Advancing Faculty Diversity
“This will help us build on college-based commitments and substantial campus-wide investments to improve recruitment, mentoring, development, career satisfaction, and opportunities for non-majority faculty members,” said Dean Helene Dillard, chief academic and administrative leader for UC Davis’ founding college.
The College of Agricultural and Environmental Sciences is recruiting 30 new faculty for the current academic year. In the past four years, the college has hired 75 new faculty (59 professors and 16 specialists in Cooperative Extension.) Approximately half the new hires were women.
Lack of faculty diversity in both gender and minority ethnic groups is an issue throughout higher education, especially in the fields of science, technology, engineering, and mathematics. With the 2016-17 budget allocation, the Office of the President received $2 million from the state to support equal opportunity in faculty employment and invest in programs to attract more faculty from historically underrepresented backgrounds. UCOP reviewed several proposals from nine campuses and selected three for funding—one each from UC Riverside, UC San Diego, and UC Davis.
“The winning proposals were from divisions that were poised to make progress and already had a culture in place to foster diversity and inclusion,” said UC Vice Provost Susan Carlson.
UC Davis was ranked number one in 2016 on the Forbes Magazine list of 13 most important STEM (science, technology, engineering, and mathematics) universities for women, and is on a trajectory to earn the designation of “Hispanic Serving Institution” by the U.S. Department of Education. In recent years, UC Davis has advanced its Latina representation on its STEM faculty by 50 percent, a five-fold increase over the national average of 10 percent.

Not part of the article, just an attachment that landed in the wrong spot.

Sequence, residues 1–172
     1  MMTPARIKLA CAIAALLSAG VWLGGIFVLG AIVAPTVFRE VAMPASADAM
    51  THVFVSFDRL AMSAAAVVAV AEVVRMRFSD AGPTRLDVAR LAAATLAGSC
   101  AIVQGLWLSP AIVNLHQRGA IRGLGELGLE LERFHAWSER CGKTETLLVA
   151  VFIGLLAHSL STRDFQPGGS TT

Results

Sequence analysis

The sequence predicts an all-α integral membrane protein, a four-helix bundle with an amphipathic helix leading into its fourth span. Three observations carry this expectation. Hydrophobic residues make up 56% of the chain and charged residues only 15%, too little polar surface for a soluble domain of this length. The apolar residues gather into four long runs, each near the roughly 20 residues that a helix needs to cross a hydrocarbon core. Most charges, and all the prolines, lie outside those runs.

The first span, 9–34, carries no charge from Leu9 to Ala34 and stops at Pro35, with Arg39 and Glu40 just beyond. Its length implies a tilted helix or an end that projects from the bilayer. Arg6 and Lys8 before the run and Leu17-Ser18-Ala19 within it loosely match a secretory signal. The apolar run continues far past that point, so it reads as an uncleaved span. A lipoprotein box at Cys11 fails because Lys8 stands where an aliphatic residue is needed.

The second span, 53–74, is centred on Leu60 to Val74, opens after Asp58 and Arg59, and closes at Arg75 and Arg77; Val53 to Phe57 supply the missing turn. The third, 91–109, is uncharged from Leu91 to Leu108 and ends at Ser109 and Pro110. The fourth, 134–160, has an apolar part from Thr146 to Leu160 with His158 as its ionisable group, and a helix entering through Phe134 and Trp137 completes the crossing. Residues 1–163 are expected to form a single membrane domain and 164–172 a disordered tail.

Dean Dillard herself is an academic pioneer for women of color in science. In 2008, she was named a National Women of Color STEM All Star in recognition of her accomplishments in plant pathology, outreach, and administration. Dillard is grateful for the state contribution to the college’s ongoing efforts to include underserved communities in higher education.
“We value faculty who, regardless of their race and ethnicity, are committed to mentoring and educating students from the broadest cross-section of their communities and countries,” Dean Dillard said. “A diverse faculty better represents our multicultural student body, and is also vital to the success of higher education and to society as a whole.”
College of Agriculture and Environmental Sciences
Executive Associate Dean, College of Environmental Sciences